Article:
The Do’s and Don’ts of German Autobahns

The Do’s and Don’ts of German Autobahns

Driving fun without limits

Germany is the favorite destination of tourists who want to drive their cars really, really fast. Here are some of the most important rules for driving on the Autobahn.

Video: Lamborghini Huracán (2014)

Mit über 300 km/h auf der Autobahn

They come from neighboring countries, from the US or even China: tourists who visit to Germany to enjoy the thrill of high-speed driving without those pesky speed limits "impeding" driving fun almost anywhere else. In other European countries, for example, such fun is limited to between 100 and 140 km/h (approx. 62 to 87 mph); on most of Germany's Autobahns, it's only your very own speed demon that has the final say (see photo gallery). Sure, there are other countries that have no speed limits, such as Afghanistan, Bhutan, Burundi, Haiti, Lebanon, Mauritania, Myanmar, North Korea and Somalia. But in most cases, the bigger adventure than higher highway speeds would be just getting there. Germany might dampen the spirit a bit when it introduces the "Maut", its newly announced universal road toll, in 2016. But seriously, no Chinese tourist coming all the way to Germany will be deterred from tearing down the Autobahn by having to pay ten Euros for a 10-day road-tax sticker.

The Do’s and Don’ts of German Autobahns

So, off to Germany you go to slip into the sports car of your choice, eh? Well, not so fast. First, you need to make some preparations, such as the timely reservation of the appropriate rental car, for example. Of course, Germany's car rental companies offer the necessary "tools" for the job: Sixt, Hertz, Avis and most others will rent you a Jaguar F-Type, BMW M5, VW Golf GTI or Porsche 911 Carrera ... although the contract might feature considerable fine print. The minimum age for drivers is 27 years, and you need to show two credit cards. You can't be a novice driver either – you need to have had your license for at least three years.

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Even (usually mild-mannered) Hollywood star Tom Hanks was enthralled by Germany's seemingly limitless Autobahn speeds. He told Late Show host David Letterman that during the making of "Cloud Atlas" he had been chauffeured around in a Volkswagen T5, which made the 120 mile-trip from Dresden to Berlin in "what felt like 17 minutes and at 125 miles per hour". Hanks was impressed: "The government is off your back", he said. "You can just hit the gas, baby!" Small wonder, then, that speed freaks from around the world are lured to Germany to let it rip over 8000 miles of splendid Autobahn. According to the "Bundesanstalt fuer Strassenwesen", Germany's administrative division responsible for most things traffic-related, around 65 Autobahn sections have no speed limits whatsoever. Nevertheless, around 1800 autobahn miles are usually traffic-restricted construction sites with speeds limited to 50 or even 37 mph. Should you ignore those limits, you might be considered a safety risk – and you will face severe penalties.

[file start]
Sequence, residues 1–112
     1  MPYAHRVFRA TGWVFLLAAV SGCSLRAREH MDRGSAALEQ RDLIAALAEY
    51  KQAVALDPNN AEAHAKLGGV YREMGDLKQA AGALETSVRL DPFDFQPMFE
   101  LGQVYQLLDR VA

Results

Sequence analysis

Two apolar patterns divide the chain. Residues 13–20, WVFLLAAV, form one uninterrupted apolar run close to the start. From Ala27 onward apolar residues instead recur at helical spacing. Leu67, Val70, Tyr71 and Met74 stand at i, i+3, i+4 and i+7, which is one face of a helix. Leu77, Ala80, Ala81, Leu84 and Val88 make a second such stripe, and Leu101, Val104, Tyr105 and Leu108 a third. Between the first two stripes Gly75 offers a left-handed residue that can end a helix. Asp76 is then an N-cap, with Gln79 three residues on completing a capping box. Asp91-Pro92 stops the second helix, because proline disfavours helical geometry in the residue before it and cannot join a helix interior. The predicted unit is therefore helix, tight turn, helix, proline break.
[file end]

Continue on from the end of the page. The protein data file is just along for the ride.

The Do’s and Don’ts of German Autobahns

Driving without speed limits does not translate into being entitled to carefree road racing, anyway. There is such a thing as "recommended speed", a self-imposed – and self-regulated – limit of 80 mph. Driving any faster carries an increased responsibility, which means that if you are involved in an accident while driving above those 80 mph you will bear partial liability, at least, even if you were obeying all traffic rules otherwise.
Here are the most important rules for driving on the Autobahn:
1. Tailgating is "verboten". Flashing your headlights to make that crawling car in front of you give way is considered coercion and an offense punishable by stiff fines and – possibly – jail terms of up to 3 years. You also might lose your license.
2. Never pass on the right. Also: if you pull into the left lane to pass a slower car on the Autobahn, you have to expect much faster cars to be coming up behind you, much faster.
3. Never stop on the emergency lanes. Unless, of course, it's an emergency, for instance if your car broke down or if someone in the car is getting ill. An empty tank could also be considered an emergency. Always remember: When getting out of the car on the emergency lanes, you have to wear the reflective vest (usually supplied in the trunk of the car); have your passengers stand on the safe side of the guard rails; secure your car by turning on hazard-signals, setting up a warning triangle and immediately call for help. Never stop on the emergency lane to make a phone call!
4. Making a U-turn on the Autobahn may cost you your life and is therefore prohibited under all circumstances. You become a so-called "ghost driver" should you make a U-turn endangering yourself and hundreds of other drivers. Penalties are drastic.
5. Notorious driving in the middle lane of a three-lane Autobahn is a breach of the "Rechtsfahrgebot", the law requiring you to always use the utmost right lane when driving. The law is supposed to avoid making frustrated drivers pass slower cars on the right. Staying constantly in the left lane – the "passing lane" – is also a violation against the "Rechtsfahrgebot" on the Autobahn.
6. When leaving the Autobahn, you have to use your signal around 200 to 300 yards before the exit ramp as a rule of thumb. However, this rule is hardly ever enforced. When entering the Autobahn, you must yield to traffic. Should you force your way in you might face stiff penalties. It is better if you accelerate briefly on the emergency lane before pulling out into traffic.

The Do’s and Don’ts of German Autobahns





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